Originally created 05/14/98

Pacers knock out Knicks

INDIANAPOLIS -- The Indiana Pacers are bringing the coach of the year, their bald heads and a deep and dangerous team to the Eastern Conference finals.

Mark Jackson had the first triple-double in Pacers playoff history and Indiana finished off the New York Knicks 99-88 Wednesday night, taking an early lead and holding it for almost the entire game to win the second-round series 4-1.

"We do not get rattled, we make plays and we do not beat ourselves," Jackson said. "That's the way this team was built."

Next up is the franchise's first conference finals appearance since 1995 and a chance for Larry Bird to show off his minimalist method of coaching on an even bigger stage.

If the Chicago Bulls finish off the Charlotte Hornets in six games or less, the conference finals will begin Sunday at the United Center.

"We have a whole different attitude," said Rik Smits, who was with the Pacers when they lost in the conference finals in 1994 and 1995. "This year's team is a lot more confident. We're not happy just to be in the conference finals."

The Pacers will enter the next round knowing they have enough experience and depth to be a serious threat to reach the Finals. It was all on display against the Knicks as the Pacers got 22 points, 14 rebounds and 13 assists from Jackson, 24 points from Reggie Miller, 22 from Smits and plenty of contributions from others.

They did it with their defense, too, holding New York without a basket for a six-minute stretch of the fourth quarter as they turned a 73-73 tie into an 87-75 lead.

By the time Patrick Ewing scored for New York to break the spurt with 1:43 left, it was too late for the Knicks.

"We have a little more added on this time," said Antonio Davis, another veteran of Indiana's playoff failures. "Instead of a cast of five or six, we have eight or nine guys who can really go out and play."

Smits shot 10-for-15 with nine rebounds, the Pacers outrebounded New York 46-34 and -- in the mark of a good passing team -- had assists on 23 of their 33 field goals.

For the Knicks, it was a disappointing end to a season that lasted longer and had more twists and turns than ever seemed possible back on Dec. 20 when Ewing went down with a fractured wrist.

He returned for this series and played adequately at times, but it was clear in Game 5 that he wasn't himself. Ewing shot 4-for-13 from the field and 2-for-8 from the line, and Allan Houston's 33 points weren't enough to carry the Knicks.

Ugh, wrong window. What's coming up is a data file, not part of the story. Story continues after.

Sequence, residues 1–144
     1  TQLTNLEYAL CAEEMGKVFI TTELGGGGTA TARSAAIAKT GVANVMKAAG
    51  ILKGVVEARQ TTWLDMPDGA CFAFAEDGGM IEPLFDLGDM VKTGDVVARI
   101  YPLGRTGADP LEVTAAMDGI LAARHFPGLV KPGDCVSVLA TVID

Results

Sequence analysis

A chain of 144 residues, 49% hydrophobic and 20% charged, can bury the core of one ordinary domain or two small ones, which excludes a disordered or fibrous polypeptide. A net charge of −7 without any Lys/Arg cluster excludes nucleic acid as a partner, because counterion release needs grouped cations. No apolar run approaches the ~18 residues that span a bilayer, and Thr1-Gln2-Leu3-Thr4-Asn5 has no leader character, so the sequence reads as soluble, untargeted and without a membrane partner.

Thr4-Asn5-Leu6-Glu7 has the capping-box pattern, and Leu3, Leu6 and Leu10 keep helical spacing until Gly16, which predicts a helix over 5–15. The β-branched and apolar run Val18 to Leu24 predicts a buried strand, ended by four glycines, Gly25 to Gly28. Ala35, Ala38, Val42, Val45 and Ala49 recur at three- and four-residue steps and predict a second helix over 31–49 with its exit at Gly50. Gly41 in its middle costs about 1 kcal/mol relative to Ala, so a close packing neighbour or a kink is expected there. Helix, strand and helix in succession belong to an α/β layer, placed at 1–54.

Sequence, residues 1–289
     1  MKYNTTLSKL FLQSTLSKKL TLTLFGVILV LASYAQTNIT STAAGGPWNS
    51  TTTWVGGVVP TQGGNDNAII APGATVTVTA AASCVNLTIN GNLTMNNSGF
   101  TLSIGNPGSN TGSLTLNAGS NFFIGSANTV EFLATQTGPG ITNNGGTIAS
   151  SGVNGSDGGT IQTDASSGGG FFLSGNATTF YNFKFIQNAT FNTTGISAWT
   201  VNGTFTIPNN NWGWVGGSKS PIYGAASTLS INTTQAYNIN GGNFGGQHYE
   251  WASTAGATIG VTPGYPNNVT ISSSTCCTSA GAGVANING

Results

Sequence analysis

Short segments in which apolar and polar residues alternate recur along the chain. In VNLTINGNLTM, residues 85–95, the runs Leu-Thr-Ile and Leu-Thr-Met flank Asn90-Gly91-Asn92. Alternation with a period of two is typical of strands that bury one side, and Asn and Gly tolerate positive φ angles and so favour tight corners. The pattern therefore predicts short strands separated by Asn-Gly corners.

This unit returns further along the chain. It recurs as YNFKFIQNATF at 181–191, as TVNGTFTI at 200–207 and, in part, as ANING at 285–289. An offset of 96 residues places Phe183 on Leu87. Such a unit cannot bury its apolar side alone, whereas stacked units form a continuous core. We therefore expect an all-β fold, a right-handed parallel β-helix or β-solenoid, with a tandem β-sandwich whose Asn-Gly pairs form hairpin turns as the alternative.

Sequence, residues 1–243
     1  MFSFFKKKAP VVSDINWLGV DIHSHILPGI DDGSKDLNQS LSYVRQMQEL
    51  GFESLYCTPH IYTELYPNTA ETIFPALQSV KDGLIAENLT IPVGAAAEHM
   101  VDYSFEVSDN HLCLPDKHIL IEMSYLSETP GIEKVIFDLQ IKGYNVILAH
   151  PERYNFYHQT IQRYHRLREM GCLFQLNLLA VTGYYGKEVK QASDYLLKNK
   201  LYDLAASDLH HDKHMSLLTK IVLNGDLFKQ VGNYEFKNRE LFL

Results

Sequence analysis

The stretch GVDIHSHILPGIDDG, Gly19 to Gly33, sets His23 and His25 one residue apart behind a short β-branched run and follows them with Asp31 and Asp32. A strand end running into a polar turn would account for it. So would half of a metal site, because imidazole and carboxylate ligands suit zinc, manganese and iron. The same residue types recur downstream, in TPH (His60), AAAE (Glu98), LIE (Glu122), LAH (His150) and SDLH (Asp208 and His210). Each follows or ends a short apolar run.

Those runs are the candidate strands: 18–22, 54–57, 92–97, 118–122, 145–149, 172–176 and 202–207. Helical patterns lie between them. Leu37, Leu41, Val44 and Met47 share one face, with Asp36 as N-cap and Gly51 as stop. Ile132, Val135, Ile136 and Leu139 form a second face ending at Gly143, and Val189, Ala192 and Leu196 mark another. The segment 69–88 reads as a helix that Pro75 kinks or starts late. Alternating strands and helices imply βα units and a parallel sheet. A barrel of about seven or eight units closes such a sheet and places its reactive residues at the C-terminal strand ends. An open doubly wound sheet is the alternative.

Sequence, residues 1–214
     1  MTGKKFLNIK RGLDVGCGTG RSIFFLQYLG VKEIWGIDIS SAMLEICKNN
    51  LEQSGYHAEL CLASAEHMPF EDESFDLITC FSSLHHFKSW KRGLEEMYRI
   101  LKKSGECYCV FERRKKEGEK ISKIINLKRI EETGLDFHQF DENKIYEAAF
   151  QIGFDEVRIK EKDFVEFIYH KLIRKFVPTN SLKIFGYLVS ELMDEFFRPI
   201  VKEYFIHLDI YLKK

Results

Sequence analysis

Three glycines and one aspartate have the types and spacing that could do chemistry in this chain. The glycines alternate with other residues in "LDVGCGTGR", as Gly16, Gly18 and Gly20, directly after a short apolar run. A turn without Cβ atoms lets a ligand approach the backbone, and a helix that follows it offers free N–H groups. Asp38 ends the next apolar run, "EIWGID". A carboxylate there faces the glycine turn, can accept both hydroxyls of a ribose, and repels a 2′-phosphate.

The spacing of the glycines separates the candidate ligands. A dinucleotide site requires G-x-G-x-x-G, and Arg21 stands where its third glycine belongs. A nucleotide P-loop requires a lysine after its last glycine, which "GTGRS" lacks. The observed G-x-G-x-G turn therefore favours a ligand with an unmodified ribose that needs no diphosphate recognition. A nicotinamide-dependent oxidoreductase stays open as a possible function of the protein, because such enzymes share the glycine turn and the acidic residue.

"Their whole team outplayed us," Ewing said, "but we still feel they're not a better team than we are."

In 1994 and 1995, the Knicks won games at Market Square Arena when they were on the brink of elimination. They couldn't do it this time, even though John Starks came close to guaranteeing a New York victory in Game 5.

"I think we put to rest them getting a lift from Patrick, and John Starks trying to be Joe Namath," Jackson said.

The Knicks trailed 68-61 entering the fourth, and they made a run against Indiana's reserves right away. Houston had two baskets, Larry Johnson had a three-point play and Chris Mills made a foul shot to pull New York to 70-69 just over two minutes into the fourth.

A putback by Ewing tied it at 73-73 with 7:39 left, but that would be the Knicks' last basket for awhile.

A layup by Antonio Davis started the decisive run, and Smits ended it with a jump hook and a short jumper that made it 87-75.

Houston scored 19 points on 9-for-16 shooting in the first half, but got little help from his teammates. Ewing was 0-for-5 from the field and 2-for-6 from the line with three turnovers, Starks was 1-for-4 from 3-point range and point guards Charlie Ward and Chris Childs were being burned defensively by Jackson.

Miller had 11 points and Jackson had nine assists for Indiana, which led for almost the entire first half but couldn't pull away to a double-digit lead. The score was 47-43 at intermission.

The Pacers appeared to take control for good midway through the third quarter as they went ahead by 11 on the way to a 68-61 lead entering the fourth.

Notes: Bird acknowledged before the game that a rift has developed between himself and Boston Celtics president Red Auerbach, whose likeness appears on the Coach of the Year award. Bird said the two haven't spoken in a long time, although "it's nothing major." ... Houston, who had scored a total of six points in the fourth quarters of the first four games, had 14 in the fourth quarter of this one. Many of them, however, came after Indiana had pulled away. Houston also played all 12 minutes of the third quarter but scored only one point. ... Indiana's Derrick McKey, who returned after missing a game with a quadricep injury, scored two points. ... Terry Cummings, who had backed up Ewing in Games 2, 3 and 4, did not play in Game 5. Chris Dudley got the job instead and did not score in six minutes.


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